A qualified individual with a disability is "an individual with a disability who, with or without reasonable accommodation, can perform the essential functions of the employment position that such individual holds or desires." 42 U.S.C. § 12111(8). LOF argues that one who is unable to work cannot perform the essential functions of any job, and therefore cannot be a "qualified individual with a disability." Likewise, one who has certified that he is unable to work should not be able to say in another context that he can perform the essential functions of a job. However, after the district court granted summary judgment in McCreary's case, this Court decided in a different case that on applications for Social Security disability benefits, certification of total disability does not completely bar the argument that one is a qualified individual with a disability.

42

In that case, Weigel v. Target Stores, 122 F.3d 461" date_filed="1997-08-26" court="7th Cir." case_name="Shirley Weigel v. Target Stores, a Division of Dayton Hudson Corporation">122 F.3d 461 (7th Cir.1997), the plaintiff sued her former employer alleging violations of the ADA. After her termination, she applied for Social Security disability benefits, certifying that she was unable to work. See id. at 463. Her former employer argued that she could not represent to the Social Security Administration that she was unable to work and argue simultaneously that she is a "qualified individual with a disability." Id. We held that "because the [Social Security Administration's] definition of disability--as well as those of most disability insurance plans--differs materially from the ADA's definition of a 'qualified individual with a disability,' these representations are not conclusive as to the ADA issue." Id. at 466. However, a plaintiff's representations to the Social Security Administration are not irrelevant; they are some evidence of the plaintiff's ability to perform the essential functions of a job. See id. at 467-68. In order to establish a genuine issue of material fact, the plaintiff must come forward with evidence other than the representations to the Social Security Administration that tends to show that the plaintiff can, with or without a reasonable accommodation, perform the essential functions of the job. See id.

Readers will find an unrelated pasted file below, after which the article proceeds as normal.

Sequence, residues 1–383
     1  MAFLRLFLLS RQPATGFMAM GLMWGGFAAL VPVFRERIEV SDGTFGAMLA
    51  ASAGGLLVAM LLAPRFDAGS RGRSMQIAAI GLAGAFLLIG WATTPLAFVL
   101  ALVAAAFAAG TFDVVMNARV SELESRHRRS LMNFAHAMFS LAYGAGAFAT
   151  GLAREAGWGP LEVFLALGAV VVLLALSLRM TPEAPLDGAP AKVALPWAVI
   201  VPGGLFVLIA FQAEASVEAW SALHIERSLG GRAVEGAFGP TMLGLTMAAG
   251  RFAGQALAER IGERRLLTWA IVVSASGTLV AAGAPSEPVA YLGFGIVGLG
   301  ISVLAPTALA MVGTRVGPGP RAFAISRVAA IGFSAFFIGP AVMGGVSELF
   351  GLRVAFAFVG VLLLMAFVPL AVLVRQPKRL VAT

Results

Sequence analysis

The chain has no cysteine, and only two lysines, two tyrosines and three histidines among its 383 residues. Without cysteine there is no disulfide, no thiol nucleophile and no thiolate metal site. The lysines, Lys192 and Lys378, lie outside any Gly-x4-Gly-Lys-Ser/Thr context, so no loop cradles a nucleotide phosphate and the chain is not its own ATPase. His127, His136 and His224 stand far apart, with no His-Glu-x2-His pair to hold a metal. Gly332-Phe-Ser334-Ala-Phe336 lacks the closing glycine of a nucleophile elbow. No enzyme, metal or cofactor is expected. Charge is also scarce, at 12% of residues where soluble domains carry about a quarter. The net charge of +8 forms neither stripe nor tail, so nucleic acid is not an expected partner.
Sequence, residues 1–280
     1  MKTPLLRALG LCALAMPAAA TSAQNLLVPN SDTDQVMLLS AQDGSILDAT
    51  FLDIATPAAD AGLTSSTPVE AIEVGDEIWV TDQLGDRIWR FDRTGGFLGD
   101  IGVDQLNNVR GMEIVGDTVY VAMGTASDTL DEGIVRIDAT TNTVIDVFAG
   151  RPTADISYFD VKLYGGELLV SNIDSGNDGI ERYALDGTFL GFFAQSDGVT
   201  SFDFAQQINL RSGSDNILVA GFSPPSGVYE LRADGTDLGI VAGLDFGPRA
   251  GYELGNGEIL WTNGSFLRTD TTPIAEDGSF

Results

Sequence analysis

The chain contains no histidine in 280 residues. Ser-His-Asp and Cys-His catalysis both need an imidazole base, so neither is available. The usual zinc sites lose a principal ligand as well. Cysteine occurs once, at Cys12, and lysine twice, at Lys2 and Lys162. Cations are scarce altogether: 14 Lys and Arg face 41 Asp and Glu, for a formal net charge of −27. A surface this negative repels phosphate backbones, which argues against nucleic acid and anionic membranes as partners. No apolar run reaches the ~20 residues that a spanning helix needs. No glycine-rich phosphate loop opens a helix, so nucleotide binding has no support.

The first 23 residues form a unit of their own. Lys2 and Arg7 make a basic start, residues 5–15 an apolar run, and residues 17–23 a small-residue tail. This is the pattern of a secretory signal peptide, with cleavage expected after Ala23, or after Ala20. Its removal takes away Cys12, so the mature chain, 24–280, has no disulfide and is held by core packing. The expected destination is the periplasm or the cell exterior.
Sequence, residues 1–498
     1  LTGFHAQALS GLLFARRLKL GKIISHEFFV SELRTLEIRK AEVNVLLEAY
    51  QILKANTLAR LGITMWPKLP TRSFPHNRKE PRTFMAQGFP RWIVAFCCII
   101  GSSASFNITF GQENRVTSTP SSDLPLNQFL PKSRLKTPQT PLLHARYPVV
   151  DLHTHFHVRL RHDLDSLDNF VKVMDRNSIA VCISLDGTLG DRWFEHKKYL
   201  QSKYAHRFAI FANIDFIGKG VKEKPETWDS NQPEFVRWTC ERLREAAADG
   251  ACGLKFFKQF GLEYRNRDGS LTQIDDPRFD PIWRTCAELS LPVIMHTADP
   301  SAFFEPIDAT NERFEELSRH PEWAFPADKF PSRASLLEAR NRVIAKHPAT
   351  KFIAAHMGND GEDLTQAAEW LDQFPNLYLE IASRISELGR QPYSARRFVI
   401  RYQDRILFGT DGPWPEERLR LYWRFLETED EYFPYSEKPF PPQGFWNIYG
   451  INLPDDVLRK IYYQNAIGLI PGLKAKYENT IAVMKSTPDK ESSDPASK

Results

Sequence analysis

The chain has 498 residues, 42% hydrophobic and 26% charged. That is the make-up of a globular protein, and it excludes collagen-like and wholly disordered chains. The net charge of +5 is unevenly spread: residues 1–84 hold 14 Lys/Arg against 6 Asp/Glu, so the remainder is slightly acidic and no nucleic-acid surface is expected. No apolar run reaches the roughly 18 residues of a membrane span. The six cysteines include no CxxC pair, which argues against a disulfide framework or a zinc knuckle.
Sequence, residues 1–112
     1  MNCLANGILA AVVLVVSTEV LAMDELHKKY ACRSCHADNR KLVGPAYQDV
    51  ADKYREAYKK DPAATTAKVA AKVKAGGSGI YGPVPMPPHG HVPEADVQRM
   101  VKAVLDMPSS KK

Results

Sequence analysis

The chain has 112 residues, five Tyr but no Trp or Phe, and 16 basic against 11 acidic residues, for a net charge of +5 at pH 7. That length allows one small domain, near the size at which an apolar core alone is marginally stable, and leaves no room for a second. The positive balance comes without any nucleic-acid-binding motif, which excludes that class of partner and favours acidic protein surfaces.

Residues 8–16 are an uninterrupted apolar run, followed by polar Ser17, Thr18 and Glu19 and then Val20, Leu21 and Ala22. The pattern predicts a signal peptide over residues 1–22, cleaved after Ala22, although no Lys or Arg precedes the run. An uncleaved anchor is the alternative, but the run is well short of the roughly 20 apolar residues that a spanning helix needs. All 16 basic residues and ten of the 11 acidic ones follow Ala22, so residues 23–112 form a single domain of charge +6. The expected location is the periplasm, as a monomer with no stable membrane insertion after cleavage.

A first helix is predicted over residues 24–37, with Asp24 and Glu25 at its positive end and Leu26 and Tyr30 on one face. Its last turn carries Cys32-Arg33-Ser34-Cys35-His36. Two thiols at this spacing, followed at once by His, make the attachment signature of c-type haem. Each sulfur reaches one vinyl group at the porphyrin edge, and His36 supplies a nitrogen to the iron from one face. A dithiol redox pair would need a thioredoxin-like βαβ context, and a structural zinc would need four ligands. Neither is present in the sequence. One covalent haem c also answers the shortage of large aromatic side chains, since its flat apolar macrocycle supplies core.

43

Here, McCreary admits that he cannot perform the essential functions of his former job, even with modifications to decrease the amount of bending, twisting, and lifting. However, McCreary argues that he can perform the essential functions of his job if LOF affords him the reasonable accommodation of reassignment to the quality control department. See 42 U.S.C. § 12111(9)(B) (listing reassignment as a possible reasonable accommodation). He demonstrates that he is qualified for a position in quality control by his testimony that he has worked in that department before to the apparent satisfaction of his employer. Taking these facts in the light most favorable to McCreary, we find that he has shown a genuine issue of material fact as to whether he can perform the essential functions of the job with a reasonable accommodation. Thus, he has shown a genuine issue of material fact as to whether he is a qualified individual with a disability.

2. Accommodation by Reassignment

44

McCreary argues that LOF discriminated against him in violation of the ADA by failing to afford him a reasonable accommodation, namely a permanent reassignment to the quality control department. LOF responds that McCreary has not pointed to a vacancy in that department, thus failing to meet his burden of producing evidence sufficient to prevent summary judgment. We agree with LOF.

45

The ADA defines discrimination to include "not making reasonable accommodations to the known physical or mental limitations of an otherwise qualified individual with a disability who is an applicant or employee, unless such covered entity can demonstrate that the accommodation would impose an undue hardship on the operation of the business of such covered entity." 42 U.S.C. § 12112(b)(5)(A). "The term 'reasonable accommodation' may include ... reassignment to a vacant position...." 42 U.S.C. § 12111(9) (emphasis added).

46

This Court has previously marked the boundaries of the employer's obligation to provide a reasonable accommodation by reassignment to a vacant position. In Gile v. United Airlines, Inc., 95 F.3d 492" date_filed="1996-10-21" court="7th Cir." case_name="Cheryl A. Gile v. United Airlines, Incorporated">95 F.3d 492, 498 (7th Cir.1996), we held that the ADA requires reassignment to a vacant position when the employee is no longer able to perform the essential functions of her employment, even with a reasonable accommodation, and the employee is qualified for the vacant position. We circumscribed the employer's obligation to reassign a disabled employee, however. An employer need only provide a reasonable accommodation, not necessarily the accommodation the employee requests. See id. at 499. An employer is not obligated to "bump" another employee in order to create a vacancy for the disabled employee. See id. And the employer does not have to create a new position for the disabled employee. See id.

47